And, in a rare ride for Lynam, Ana O’Brien’s relative experience among fellow apprentices was in evidence on Future Icon in the apprentices’ handicap. Drawn on the far rail in stall one, she got her filly nicely settled on the far side towards the rear of the field. She didn’t panic when Denis Linehan went for home on the outside on Haqeeba on the run to the two-furlong pole, she just allowed the gaps open in front of her. She still had fully three lengths to find on the leader as the furlong pole flashed past, but she kept her filly balanced, got her running, she didn’t pick up her stick until the run to the 100-yard mark and she rode her out to win going away by almost two lengths.
They were three polished rides from three different riders for a trainer who has his team in fine form.
Things we know about Fallon
There are some things that lots of people know about Kieren Fallon. Like, that he was a brilliant jockey, one of the best in a golden age of flat jockeys. That he could settle a horse, that he could wait in front or behind, that he was a thoughtful rider, that he thought through tactics and implemented them, that he was patient throughout a race, that he was as strong as they made them in a finish, that he was comparable to Piggott at Epsom, that he was dynamite on the big day.
There are other things that some people do not know. Like, that, when he is asked to give his time, he gives generously. That when he is asked to attend fund-raisers, he does so willingly, usually donating items for charity auctions.
In interviews, he is a giver. Banal, stock answers are not his thing. Clichés are out. He is always thoughtful, considered in his contributions. He is helpful, natural, unguarded even, often too unguarded for his own good, if unguarded is a thing.
The other thing that most people did not know is that he has had to deal with the beast depression on a daily basis. It is an all-too-prevalent beast. It is remarkable that, according to Dr Adrian McGoldrick’s research, almost half the people engaged in Fallon’s profession in Ireland have to deal with the same beast on a daily basis.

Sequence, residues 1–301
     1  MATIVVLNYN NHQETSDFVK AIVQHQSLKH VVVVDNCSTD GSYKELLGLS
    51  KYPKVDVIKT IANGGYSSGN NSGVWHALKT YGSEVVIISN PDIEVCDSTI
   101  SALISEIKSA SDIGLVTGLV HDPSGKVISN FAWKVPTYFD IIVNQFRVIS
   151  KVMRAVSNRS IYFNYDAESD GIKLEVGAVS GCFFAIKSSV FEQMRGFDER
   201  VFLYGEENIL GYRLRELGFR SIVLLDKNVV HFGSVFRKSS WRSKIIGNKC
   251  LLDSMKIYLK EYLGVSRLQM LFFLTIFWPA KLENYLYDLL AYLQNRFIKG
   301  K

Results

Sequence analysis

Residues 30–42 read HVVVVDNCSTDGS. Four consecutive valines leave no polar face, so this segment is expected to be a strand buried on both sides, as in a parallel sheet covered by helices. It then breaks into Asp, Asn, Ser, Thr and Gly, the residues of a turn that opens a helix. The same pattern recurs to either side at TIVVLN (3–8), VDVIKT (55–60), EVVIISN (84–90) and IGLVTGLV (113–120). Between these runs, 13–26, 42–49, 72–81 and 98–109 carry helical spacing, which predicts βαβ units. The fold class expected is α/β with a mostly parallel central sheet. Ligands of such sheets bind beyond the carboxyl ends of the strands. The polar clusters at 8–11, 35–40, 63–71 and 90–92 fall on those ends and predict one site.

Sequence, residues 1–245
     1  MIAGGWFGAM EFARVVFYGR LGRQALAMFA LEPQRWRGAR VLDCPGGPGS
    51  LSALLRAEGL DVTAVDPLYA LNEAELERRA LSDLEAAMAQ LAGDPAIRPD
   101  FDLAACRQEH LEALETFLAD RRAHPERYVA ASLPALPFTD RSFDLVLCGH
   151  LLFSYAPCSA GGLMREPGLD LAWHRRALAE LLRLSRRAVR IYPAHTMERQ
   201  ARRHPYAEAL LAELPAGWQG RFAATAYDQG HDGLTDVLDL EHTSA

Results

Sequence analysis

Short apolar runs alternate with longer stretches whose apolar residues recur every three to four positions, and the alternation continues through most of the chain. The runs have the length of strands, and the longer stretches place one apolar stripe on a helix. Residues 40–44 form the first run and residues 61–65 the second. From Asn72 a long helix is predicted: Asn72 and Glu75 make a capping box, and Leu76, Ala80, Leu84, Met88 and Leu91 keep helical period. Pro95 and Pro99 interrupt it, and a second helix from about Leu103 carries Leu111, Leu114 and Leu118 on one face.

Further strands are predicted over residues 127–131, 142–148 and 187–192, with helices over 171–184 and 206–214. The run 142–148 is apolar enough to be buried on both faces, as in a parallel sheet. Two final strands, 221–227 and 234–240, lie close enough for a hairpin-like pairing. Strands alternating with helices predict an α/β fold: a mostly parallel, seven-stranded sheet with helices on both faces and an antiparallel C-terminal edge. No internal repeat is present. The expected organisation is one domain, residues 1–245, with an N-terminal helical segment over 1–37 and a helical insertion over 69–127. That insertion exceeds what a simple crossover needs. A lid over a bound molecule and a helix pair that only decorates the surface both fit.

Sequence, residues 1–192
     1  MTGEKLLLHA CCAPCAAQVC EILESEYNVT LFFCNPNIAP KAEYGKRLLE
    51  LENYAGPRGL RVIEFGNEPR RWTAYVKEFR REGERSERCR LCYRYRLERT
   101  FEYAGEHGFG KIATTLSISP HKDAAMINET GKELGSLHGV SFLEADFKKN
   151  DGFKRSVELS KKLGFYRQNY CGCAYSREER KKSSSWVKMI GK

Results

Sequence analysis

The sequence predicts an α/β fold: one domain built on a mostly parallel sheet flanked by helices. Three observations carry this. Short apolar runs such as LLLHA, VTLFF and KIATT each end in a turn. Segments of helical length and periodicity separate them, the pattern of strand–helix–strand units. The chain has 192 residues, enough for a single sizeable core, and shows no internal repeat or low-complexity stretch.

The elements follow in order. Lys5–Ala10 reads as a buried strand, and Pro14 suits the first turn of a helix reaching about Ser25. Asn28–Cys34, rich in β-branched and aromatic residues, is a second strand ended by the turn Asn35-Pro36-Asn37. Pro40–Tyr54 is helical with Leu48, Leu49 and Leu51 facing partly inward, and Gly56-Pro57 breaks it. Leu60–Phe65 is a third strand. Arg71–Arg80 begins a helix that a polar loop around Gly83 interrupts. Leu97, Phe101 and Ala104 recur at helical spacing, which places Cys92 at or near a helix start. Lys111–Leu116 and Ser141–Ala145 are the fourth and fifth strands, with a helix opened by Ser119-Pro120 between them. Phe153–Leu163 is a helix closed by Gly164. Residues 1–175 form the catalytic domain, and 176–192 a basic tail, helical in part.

Now most people do know. Now Kieren Fallon can get the proper help that he needs in order that he can tame the beast.
Magical Memory won the six-furlong handicap on the first day of Newmarket’s July meeting last year off a mark of 96. The handicapper raised him 9lb for that win, but he got to race in the Stewards’ Cup – an early-closing race – under just a 6lb penalty, so he was 3lb well-in, and he duly won that as well.
This year, Magical Memory has won the Group 3 Abernant Stakes and the Group 2 Duke of York Stakes, and he is among the favourites for the Group 1 July Cup this afternoon. But his serious upward trajectory began with victory in that six-furlong handicap on the opening day of the July meeting last year.
On Thursday, Dancing Star won that six-furlong handicap. Coincidentally, the Andrew Balding-trained filly was racing off a mark of 96, the same mark as the mark off which Magical Memory raced last year. We don’t know yet what the handicapper is going to do with her, he may not raise her by as much as 9lb, but he may raise her by close to that. Either way, she will get to race in the Stewards’ Cup under a 6lb penalty, off an effective mark of 102, Magical Memory’s winning mark last year.
In the long term, Jeff Smith’s filly may not go on to scale the heights that Magical Memory has scaled, but she may get close. She continues to progress. In the short term, the Stewards’ Cup is reportedly the plan, and the 14/1 at which you can currently back her for that race – at an idiosyncratic track at which she is one for one, over the Stewards’ Cup distance – looks fair.
Quote of the week
“Kieren was one of my heroes when he was riding, and he is still one of my heroes now.”
© The Irish Field, 9th July 2016